Maybe not writing a bad review is all I can hope for. Eye-wink

According to someone who lurks on this forum and uses it as fodder to write negative articles about the bad innkeepers here, apparently if you write a review for another inn, and you know that innkeeper you are a cheater and a low life.  I personally think that review is quote possibly the most useful of the bunch from that innkeepers perspective, as they see things the average guest does not, and might bring attention to it for future guests!  vs "Nice host, great breakfast"  I like to mention places to visit and other little tidbits in my reviews like "Did you know they are the closest Inn to such and such?"  

and, it is my prerogative to write a review, as I am a guest. If I won the stay in a contest, if I swapped a night for night, or arrived on a gift certificate for my bday, it is my prerogative to write that review.  This is for the person who reads the forum and thinks we are stinky innkeepers and that we "leverage" reviews, which is to falsify a review, in their opinion. 

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Joey Bloggs wrote:

Madeleine wrote:

We never expect tips, but it seems that someone who knows how hard the work is and compliments the efforts, would do just that. Or, write a nice review! Something to help out another innkeeper.

Maybe not writing a bad review is all I can hope for. Eye-wink

According to someone who lurks on this forum and uses it as fodder to write negative articles about the bad innkeepers here, apparently if you write a review for another inn, and you know that innkeeper you are a cheater and a low life.  I personally think that review is quote possibly the most useful of the bunch from that innkeepers perspective, as they see things the average guest does not, and might bring attention to it for future guests!  vs "Nice host, great breakfast"  I like to mention places to visit and other little tidbits in my reviews like "Did you know they are the closest Inn to such and such?"  

and, it is my prerogative to write a review, as I am a guest. If I won the stay in a contest, if I swapped a night for night, or arrived on a gift certificate for my bday, it is my prerogative to write that review.  This is for the person who reads the forum and thinks we are stinky innkeepers and that we "leverage" reviews, which is to falsify a review, in their opinion.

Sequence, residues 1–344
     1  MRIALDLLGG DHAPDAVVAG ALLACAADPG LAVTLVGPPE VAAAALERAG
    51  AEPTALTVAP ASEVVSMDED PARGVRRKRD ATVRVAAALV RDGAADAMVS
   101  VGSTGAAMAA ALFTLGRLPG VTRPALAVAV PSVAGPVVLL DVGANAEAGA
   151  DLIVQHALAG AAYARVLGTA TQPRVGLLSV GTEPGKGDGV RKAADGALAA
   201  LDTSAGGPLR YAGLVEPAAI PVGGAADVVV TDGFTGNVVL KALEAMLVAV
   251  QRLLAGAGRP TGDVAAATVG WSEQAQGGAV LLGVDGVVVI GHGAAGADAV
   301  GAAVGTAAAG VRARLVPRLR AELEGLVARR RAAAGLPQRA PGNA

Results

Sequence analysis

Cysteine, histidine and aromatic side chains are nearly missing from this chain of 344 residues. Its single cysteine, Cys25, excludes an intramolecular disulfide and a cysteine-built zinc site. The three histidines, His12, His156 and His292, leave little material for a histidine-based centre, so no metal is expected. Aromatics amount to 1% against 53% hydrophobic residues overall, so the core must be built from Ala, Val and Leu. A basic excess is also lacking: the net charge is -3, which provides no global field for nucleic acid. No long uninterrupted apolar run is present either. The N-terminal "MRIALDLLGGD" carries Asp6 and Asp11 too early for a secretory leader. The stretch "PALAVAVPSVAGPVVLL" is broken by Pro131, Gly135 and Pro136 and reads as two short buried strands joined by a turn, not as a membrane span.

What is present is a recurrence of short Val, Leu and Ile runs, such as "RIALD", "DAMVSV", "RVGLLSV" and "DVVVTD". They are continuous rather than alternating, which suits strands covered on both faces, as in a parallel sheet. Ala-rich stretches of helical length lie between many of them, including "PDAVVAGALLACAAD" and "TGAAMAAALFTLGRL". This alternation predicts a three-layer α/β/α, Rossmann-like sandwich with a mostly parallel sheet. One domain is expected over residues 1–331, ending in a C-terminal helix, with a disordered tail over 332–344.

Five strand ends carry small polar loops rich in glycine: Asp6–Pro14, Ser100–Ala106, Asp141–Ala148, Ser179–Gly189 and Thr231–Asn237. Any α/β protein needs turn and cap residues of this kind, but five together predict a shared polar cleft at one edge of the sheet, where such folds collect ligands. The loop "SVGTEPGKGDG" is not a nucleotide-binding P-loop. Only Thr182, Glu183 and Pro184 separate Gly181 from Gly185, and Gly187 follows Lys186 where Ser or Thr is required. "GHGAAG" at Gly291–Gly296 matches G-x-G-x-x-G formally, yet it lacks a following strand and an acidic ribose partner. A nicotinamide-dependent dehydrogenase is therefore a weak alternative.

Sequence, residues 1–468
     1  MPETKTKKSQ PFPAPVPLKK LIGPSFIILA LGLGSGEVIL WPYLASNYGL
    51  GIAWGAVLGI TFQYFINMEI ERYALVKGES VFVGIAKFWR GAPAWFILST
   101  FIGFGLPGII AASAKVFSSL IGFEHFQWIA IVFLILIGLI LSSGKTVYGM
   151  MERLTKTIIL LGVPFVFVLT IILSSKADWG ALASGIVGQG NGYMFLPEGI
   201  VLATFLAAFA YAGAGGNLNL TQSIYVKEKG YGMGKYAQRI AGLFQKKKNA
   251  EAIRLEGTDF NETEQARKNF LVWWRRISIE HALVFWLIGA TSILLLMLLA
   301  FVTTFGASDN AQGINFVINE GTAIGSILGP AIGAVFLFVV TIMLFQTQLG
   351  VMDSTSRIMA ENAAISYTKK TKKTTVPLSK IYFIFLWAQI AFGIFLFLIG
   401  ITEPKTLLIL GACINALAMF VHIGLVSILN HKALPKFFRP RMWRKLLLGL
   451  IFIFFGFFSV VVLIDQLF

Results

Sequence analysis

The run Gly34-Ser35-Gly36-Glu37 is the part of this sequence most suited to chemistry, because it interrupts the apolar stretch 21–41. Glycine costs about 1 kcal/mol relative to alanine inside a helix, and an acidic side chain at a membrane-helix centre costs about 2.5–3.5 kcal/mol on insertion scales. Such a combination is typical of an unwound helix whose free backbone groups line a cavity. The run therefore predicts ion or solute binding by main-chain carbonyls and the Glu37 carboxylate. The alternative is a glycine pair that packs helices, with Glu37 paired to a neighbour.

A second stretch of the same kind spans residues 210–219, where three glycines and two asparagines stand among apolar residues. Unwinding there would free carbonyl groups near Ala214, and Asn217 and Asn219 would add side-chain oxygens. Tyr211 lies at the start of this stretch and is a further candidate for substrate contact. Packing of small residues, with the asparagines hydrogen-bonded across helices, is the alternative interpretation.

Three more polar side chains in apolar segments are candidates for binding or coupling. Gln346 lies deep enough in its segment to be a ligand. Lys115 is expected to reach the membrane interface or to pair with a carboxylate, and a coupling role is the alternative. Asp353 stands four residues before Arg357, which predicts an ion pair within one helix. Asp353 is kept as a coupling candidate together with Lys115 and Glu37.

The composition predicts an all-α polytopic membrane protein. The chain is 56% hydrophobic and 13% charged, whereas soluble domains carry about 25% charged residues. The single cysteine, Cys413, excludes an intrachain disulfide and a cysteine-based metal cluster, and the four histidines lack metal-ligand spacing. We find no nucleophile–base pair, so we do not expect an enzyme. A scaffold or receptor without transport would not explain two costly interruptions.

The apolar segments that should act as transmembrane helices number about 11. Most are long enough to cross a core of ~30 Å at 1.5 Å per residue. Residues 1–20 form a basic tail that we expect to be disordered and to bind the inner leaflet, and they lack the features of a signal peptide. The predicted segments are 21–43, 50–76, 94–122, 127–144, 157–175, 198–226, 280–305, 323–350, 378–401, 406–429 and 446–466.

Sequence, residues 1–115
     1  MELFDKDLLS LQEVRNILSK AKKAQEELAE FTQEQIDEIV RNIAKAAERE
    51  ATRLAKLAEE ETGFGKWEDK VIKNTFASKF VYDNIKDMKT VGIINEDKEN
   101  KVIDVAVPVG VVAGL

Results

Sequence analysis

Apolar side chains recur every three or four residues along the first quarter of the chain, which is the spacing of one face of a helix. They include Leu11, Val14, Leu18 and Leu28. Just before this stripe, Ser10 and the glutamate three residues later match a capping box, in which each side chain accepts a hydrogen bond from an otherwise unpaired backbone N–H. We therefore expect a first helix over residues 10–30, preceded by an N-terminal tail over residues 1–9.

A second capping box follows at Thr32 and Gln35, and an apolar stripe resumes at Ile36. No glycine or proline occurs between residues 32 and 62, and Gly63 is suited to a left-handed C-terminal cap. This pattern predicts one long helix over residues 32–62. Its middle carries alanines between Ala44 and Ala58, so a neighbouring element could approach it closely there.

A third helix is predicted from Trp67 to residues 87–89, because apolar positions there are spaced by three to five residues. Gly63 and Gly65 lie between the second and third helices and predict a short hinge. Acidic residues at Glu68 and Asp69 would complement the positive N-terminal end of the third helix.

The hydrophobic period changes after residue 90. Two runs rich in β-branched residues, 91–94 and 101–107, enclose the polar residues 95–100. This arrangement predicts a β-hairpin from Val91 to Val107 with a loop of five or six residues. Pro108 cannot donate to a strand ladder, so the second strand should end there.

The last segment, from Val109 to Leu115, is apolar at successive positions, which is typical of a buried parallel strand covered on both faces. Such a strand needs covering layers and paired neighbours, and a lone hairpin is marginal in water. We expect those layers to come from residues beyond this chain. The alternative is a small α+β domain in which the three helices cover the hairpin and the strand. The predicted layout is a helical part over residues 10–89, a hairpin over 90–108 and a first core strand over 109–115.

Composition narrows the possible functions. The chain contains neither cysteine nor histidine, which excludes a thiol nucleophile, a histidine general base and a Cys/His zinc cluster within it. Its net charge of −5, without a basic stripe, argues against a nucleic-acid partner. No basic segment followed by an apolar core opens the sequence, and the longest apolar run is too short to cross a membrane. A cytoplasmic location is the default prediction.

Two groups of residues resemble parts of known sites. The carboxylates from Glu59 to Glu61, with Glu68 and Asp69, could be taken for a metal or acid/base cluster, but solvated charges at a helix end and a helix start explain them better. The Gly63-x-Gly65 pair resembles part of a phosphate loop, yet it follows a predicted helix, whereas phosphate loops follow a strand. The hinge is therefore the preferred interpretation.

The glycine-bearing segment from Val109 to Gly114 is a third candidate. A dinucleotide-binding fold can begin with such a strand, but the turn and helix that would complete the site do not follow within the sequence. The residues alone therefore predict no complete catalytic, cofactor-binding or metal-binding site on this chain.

What planet is that person on to think that an innkeeper who stays at a b&b, whether they are familiar with the owners or not is unethical to write a review of their experience? HOGWASH. I truly believe that no one here would write a review that didn't reflect their true opinion of their stay.

People should look at online reviews as a guideline and to give them insite to what a stay at that specific lodging is going to be like. Whether one or two reviews come from people also in the same industry doesn't make it fake or unethical. What's unethical, is the way that person goes about slamming others that think differently than they do. You know what they say about glass houses.

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Breakfast Diva wrote:

Joey Bloggs wrote:

Madeleine wrote:

We never expect tips, but it seems that someone who knows how hard the work is and compliments the efforts, would do just that. Or, write a nice review! Something to help out another innkeeper.

Maybe not writing a bad review is all I can hope for. Eye-wink

According to someone who lurks on this forum and uses it as fodder to write negative articles about the bad innkeepers here, apparently if you write a review for another inn, and you know that innkeeper you are a cheater and a low life.  I personally think that review is quote possibly the most useful of the bunch from that innkeepers perspective, as they see things the average guest does not, and might bring attention to it for future guests!  vs "Nice host, great breakfast"  I like to mention places to visit and other little tidbits in my reviews like "Did you know they are the closest Inn to such and such?"